Trans-Canada Highway: The Ultimate Road Trip Guide

Running from Victoria in British Columbia to St. John's in Newfoundland and Labrador, the Trans-Canada Highway is Canada's longest national road. It connects Canada's major cities across all ten provinces. It’s one of the longest roads in the world.

Trans-Canada Highway

How long is the Trans-Canada Highway?

Known by its iconic white-on-green maple leaf route markers, the road is about 8,000 km (4,990 miles) long and comprises Trans Canada Highway 1, Trans Canada Highway 16 (Yellowhead Highway), Ontario Highway 17/417, Ontario Highway 11, Highway 71, Ontario Highway 69/400, Highway 12, Highway 7, Québec Autoroutes 40, 20 and 85/Route 185, Québec Route 117/Ontario Highway 66, Trans Canada Highway 2, Trans Canada Highway 104/105, and Trans Canada Highway 16/1/106.

What to expect while driving the Trans-Canada Highway?

Due to its length, the road, commonly known as TCH or T-Can, offers diverse landscapes and road conditions. From congested urban freeways to remote wilderness and mountain ranges, the highway traverses through a multitude of environments and provides a journey through the country. In the west, the TCH crosses the Rocky Mountains and can be dangerous during winter storms - sometimes the road may even be closed due to snow avalanche risk.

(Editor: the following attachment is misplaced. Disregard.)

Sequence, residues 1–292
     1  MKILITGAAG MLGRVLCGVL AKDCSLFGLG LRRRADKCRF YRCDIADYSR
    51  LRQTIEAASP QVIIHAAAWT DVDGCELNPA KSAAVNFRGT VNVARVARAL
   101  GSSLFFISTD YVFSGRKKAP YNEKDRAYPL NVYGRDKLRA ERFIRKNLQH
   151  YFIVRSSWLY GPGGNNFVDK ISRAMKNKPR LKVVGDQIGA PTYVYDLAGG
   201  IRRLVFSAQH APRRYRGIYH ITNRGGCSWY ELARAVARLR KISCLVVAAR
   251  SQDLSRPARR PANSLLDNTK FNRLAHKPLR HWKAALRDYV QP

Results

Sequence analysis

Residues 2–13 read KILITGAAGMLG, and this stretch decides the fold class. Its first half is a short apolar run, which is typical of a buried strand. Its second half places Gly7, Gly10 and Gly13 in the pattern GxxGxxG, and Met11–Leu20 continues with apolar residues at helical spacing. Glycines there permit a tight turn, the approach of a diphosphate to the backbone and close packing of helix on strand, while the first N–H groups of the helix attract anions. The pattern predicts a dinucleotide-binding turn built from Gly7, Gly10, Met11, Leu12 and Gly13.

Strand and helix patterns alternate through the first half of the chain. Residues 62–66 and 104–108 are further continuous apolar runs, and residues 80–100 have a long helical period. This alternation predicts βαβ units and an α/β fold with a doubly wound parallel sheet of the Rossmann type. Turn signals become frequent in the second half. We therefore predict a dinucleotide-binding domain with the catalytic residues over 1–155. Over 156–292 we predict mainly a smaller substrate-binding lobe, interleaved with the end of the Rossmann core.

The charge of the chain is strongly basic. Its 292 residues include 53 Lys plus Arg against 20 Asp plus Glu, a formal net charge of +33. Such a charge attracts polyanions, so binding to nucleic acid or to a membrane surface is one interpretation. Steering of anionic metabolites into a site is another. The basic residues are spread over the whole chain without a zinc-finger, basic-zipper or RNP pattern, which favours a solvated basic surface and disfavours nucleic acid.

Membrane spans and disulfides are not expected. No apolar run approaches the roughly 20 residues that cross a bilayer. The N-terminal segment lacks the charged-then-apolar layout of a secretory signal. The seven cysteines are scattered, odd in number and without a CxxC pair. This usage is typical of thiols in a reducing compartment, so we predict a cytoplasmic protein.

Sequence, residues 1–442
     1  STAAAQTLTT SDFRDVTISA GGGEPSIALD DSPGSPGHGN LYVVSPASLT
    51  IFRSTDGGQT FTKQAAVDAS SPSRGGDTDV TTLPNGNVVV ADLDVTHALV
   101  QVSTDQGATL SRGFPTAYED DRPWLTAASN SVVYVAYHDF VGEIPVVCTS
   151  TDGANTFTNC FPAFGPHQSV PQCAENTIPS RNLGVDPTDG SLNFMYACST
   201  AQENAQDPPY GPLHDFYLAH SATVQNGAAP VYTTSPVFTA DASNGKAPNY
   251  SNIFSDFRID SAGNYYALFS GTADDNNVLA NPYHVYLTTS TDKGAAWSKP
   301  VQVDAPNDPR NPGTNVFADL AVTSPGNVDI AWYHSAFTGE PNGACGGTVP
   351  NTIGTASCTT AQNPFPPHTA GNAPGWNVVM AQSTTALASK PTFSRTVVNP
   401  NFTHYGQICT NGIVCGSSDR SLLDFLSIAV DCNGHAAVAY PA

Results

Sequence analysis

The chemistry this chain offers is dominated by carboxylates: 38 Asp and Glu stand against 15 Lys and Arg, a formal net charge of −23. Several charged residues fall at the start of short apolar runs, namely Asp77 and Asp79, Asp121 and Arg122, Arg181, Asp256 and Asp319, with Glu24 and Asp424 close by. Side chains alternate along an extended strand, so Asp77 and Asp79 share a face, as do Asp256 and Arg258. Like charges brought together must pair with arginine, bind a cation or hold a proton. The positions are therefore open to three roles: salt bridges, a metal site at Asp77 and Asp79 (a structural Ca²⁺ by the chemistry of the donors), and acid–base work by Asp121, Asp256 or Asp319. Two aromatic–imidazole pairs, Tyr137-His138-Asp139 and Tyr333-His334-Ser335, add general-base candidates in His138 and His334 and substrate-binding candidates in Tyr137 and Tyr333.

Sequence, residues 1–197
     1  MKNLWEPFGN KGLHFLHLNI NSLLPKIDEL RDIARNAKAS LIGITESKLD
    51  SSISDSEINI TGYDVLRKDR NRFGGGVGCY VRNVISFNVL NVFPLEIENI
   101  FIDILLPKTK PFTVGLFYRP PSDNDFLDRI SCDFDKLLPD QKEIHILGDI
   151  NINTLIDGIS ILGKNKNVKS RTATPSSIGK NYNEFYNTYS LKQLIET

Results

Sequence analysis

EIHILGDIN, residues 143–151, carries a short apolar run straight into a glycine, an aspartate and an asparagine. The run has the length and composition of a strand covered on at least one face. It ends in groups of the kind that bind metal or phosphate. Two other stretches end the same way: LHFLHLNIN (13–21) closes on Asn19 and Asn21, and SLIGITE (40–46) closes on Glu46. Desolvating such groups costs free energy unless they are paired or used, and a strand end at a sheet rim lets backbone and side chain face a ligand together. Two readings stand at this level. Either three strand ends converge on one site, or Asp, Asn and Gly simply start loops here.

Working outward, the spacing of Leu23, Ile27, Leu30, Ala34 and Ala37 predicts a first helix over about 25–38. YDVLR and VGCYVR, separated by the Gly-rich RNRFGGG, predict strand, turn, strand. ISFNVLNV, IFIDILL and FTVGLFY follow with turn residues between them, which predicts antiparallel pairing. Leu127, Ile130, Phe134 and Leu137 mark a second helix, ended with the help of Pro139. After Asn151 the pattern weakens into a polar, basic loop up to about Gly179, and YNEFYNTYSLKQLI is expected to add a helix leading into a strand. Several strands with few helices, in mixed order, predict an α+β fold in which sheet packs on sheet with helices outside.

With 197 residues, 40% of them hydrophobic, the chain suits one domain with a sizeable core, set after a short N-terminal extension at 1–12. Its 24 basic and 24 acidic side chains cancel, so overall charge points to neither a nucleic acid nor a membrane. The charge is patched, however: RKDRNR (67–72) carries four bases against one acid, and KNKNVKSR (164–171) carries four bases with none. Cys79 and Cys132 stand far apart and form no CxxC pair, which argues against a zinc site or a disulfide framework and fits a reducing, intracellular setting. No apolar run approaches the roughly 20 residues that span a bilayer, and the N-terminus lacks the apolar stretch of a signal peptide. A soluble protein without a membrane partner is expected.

How to get ready to drive the Trans-Canada Highway?

Before hitting the road, it's essential to plan ahead and prepare properly for the trip as the route covers six time zones and varying conditions. It can vary from congested urban freeway (in Ottawa and Montreal) to thousands of kilometers of sparsely-populated wilderness (in northwestern Ontario) or steep mountain ranges (in the Rockies). At this length, it is one of the longest routes of its type in the world, so proper planning and preparation are key, especially in remote areas where mobile coverage may be limited. Make sure your vehicle is in good condition and pack plenty of snacks and water.

How long does it take to drive the Trans-Canada Highway?

While the Trans-Canada Highway offers breathtaking views and endless adventure, before hitting the road you’ll need to be ready for variable conditions. The weather in parts of Canada can be extreme in winter. In much of northwestern Ontario, distances are long, settlements few and far between and cellular telephone coverage is sporadic. Unless you have two (or more) drivers, be prepared to spend at least a week and a half on the highway - not including sightseeing stops. The distances involved are not to be underestimated. Besides, there are plenty of hazards to navigate along the way, from steep mountain passes to unpredictable weather conditions.